who were depressed reported more physical symptoms and
the women's willingness to discuss and think about their ill-
more impaired functioning than women who were not de-
ness was an important factor for optimal coping.
pressed. Depression in patients with cancer has been reported
Stanton et al. (2000) explored emotional expressive coping
to increase length of hospitalization, interfere with treatment,
in 92 women with stage I or II breast cancer 20 weeks after they
and adversely affect quality of life (Gaston-Johansson et al.,
completed primary treatment. Women who used emotional
1999; Sellick & Crooks, 1999). Watson, Haviland, Greer,
expression as a coping mechanism reported decreased distress
Davidson, and Bliss (1999) found high depression scores were
and needed fewer medical appointments to address cancer-re-
linked to survival rates in women with breast cancer. The inves-
lated morbidity. Spiegel, Bloom, Kraemer, and Gottheil (1989)
tigators reported that women age 1875 with early stage breast
studied the effect of psychosocial treatment and survival time
cancer and high depression scores had a significantly increased
in women with metastatic breast cancer. A one-year interven-
risk of death from all causes over a five-year period.
tion consisting of weekly support-group therapy and self-hyp-
Adjuvant chemotherapy has been shown to improve both dis-
nosis for pain was conducted. Women were assigned randomly
ease-free survival and overall survival in patients with early-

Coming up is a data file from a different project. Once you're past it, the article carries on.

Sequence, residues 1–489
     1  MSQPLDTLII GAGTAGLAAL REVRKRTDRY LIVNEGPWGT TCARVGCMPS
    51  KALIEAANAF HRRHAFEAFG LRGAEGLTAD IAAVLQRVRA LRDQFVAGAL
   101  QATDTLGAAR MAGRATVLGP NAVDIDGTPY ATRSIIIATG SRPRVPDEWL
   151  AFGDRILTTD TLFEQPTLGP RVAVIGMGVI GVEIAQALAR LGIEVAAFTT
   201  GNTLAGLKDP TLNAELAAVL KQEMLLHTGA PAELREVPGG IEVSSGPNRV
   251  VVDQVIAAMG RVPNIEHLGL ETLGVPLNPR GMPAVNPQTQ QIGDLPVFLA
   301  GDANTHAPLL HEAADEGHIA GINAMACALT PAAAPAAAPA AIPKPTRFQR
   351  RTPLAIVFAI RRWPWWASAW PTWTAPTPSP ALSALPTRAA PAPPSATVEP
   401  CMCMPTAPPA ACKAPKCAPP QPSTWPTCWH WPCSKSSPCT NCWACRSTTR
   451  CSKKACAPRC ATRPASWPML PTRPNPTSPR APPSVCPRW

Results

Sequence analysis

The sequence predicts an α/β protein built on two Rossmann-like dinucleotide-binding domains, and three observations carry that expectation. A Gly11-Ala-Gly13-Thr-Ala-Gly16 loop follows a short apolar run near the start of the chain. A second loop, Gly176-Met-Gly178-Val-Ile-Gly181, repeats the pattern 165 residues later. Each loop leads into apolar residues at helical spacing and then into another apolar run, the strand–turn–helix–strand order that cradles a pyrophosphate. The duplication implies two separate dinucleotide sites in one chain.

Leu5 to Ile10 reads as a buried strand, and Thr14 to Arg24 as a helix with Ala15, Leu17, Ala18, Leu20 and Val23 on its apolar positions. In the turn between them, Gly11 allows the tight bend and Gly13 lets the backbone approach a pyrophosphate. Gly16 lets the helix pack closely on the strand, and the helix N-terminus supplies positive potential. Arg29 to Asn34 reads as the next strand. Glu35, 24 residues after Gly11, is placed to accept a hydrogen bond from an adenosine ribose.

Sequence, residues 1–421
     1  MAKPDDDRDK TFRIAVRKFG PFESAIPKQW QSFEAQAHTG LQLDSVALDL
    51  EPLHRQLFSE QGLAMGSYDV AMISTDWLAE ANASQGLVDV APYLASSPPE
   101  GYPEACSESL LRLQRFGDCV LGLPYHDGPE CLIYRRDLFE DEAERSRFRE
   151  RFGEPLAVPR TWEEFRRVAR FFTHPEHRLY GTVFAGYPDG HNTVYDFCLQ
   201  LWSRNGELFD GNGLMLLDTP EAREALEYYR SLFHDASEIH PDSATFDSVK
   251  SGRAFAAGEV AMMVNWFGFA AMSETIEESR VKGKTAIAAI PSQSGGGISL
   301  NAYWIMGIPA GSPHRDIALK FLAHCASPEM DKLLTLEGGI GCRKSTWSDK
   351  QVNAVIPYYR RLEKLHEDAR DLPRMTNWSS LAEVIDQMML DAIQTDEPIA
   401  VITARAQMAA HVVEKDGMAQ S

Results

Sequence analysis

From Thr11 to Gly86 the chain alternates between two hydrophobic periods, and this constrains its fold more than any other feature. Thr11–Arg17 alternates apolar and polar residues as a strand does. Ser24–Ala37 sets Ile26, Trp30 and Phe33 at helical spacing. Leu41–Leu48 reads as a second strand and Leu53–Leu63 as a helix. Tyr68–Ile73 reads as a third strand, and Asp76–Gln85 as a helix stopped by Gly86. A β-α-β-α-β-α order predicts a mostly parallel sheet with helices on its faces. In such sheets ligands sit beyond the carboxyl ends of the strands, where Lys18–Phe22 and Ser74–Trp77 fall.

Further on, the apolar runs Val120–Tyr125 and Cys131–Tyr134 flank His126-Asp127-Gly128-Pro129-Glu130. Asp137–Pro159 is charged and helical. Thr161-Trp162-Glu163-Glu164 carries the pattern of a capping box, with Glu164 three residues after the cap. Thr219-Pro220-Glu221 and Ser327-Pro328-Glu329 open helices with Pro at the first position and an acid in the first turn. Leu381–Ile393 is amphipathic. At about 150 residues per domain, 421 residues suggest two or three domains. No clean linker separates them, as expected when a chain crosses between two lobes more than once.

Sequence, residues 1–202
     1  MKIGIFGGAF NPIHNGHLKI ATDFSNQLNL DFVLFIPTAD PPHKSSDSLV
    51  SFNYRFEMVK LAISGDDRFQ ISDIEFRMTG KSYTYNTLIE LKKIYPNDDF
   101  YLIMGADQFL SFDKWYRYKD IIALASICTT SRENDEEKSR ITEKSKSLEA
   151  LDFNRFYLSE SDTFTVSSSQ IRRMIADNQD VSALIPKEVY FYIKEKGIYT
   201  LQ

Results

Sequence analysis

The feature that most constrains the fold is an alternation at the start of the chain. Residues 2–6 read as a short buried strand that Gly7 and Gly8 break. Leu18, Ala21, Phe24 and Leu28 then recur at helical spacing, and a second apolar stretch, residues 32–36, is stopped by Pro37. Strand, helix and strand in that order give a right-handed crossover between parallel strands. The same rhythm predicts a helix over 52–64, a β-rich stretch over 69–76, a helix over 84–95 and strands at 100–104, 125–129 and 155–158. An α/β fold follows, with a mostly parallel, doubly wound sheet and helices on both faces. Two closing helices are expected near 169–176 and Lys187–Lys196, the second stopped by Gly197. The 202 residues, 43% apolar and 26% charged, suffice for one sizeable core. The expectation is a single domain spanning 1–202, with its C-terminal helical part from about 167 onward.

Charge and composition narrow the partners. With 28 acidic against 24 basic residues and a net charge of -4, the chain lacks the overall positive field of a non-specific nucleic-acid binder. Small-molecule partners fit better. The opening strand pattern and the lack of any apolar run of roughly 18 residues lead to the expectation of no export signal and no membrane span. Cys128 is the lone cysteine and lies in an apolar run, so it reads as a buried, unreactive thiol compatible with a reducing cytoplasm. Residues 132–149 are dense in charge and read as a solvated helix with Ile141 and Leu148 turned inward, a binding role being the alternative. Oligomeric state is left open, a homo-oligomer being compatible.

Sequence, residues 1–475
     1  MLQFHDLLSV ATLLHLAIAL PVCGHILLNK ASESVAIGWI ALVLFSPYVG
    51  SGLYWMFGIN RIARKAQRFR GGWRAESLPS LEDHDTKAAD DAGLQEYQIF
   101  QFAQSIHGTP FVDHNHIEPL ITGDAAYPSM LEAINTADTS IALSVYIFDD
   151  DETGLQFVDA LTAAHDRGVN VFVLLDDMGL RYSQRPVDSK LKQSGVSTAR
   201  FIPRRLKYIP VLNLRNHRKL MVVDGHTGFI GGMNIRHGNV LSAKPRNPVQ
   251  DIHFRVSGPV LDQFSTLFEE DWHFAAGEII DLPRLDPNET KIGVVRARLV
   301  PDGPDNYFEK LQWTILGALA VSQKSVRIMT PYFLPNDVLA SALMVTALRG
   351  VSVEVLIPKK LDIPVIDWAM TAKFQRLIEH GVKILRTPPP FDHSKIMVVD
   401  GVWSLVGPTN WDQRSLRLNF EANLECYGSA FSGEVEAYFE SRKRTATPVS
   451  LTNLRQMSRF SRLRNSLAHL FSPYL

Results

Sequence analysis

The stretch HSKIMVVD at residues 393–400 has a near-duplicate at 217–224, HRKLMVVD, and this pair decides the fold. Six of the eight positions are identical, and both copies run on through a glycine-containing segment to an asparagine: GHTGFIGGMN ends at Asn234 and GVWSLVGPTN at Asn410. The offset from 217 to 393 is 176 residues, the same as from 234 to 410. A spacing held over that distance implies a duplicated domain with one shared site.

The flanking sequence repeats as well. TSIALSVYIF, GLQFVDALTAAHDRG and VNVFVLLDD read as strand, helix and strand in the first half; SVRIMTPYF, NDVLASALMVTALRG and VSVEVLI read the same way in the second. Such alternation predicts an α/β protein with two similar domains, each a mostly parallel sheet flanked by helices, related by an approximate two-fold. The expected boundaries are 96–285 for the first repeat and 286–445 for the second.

to either an intervention group (i.e., group support and self-
stage breast cancer. Colleoni et al. (2000) reported that depressed
hypnosis) or a control group (i.e., treatment as usual). Ten-year
women were less likely to accept adjuvant therapy as part of their
follow-up of the participants revealed that the women in the
treatment for breast cancer. The researchers stressed the impor-
treatment group survived almost 18 months longer than those
tance of treating depression as a means to increase acceptance of
in the treatment-as-usual group (36.6 months versus 18.9
adjuvant chemotherapy and possibly improve prognosis.
months). Kogan, Biswas, Pearl, Carlson, and Spiegel (1997)
Advances in technology (e.g., the Internet) may offer effec-
conducted a follow-up study to determine whether the survival
tive methods of providing psychoeducation and psychothera-
effect in these women could be explained by differences in
peutic interventions to those not able or willing to receive help
medical treatment. Researchers reviewed the medical charts of
in more traditional face-to-face methods. Providing an eviden-
61 women and the death certificates of 83 women and con-
tiary basis for use of these technologies is the overarching aim
cluded that survival differences were independent of differ-
of this exploratory research. The specific purposes of this pilot
ences in medical treatment.
study were to examine depression in Internet cancer support